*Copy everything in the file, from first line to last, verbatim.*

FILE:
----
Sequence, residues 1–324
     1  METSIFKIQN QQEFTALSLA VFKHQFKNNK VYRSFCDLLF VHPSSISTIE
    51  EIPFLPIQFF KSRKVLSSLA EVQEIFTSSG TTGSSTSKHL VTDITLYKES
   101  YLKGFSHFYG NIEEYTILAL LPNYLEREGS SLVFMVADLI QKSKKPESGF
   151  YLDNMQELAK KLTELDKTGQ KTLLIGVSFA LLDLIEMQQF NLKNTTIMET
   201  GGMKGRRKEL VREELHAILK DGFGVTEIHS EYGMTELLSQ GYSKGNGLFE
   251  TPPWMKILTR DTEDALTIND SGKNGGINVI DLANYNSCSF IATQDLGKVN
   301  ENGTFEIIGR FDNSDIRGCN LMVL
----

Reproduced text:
Sequence, residues 1–324
     1  METSIFKIQN QQEFTALSLA VFKHQFKNNK VYRSFCDLLF VHPSSISTIE
    51  EIPFLPIQFF KSRKVLSSLA EVQEIFTSSG TTGSSTSKHL VTDITLYKES
   101  YLKGFSHFYG NIEEYTILAL LPNYLEREGS SLVFMVADLI QKSKKPESGF
   151  YLDNMQELAK KLTELDKTGQ KTLLIGVSFA LLDLIEMQQF NLKNTTIMET
   201  GGMKGRRKEL VREELHAILK DGFGVTEIHS EYGMTELLSQ GYSKGNGLFE
   251  TPPWMKILTR DTEDALTIND SGKNGGINVI DLANYNSCSF IATQDLGKVN
   301  ENGTFEIIGR FDNSDIRGCN LMVL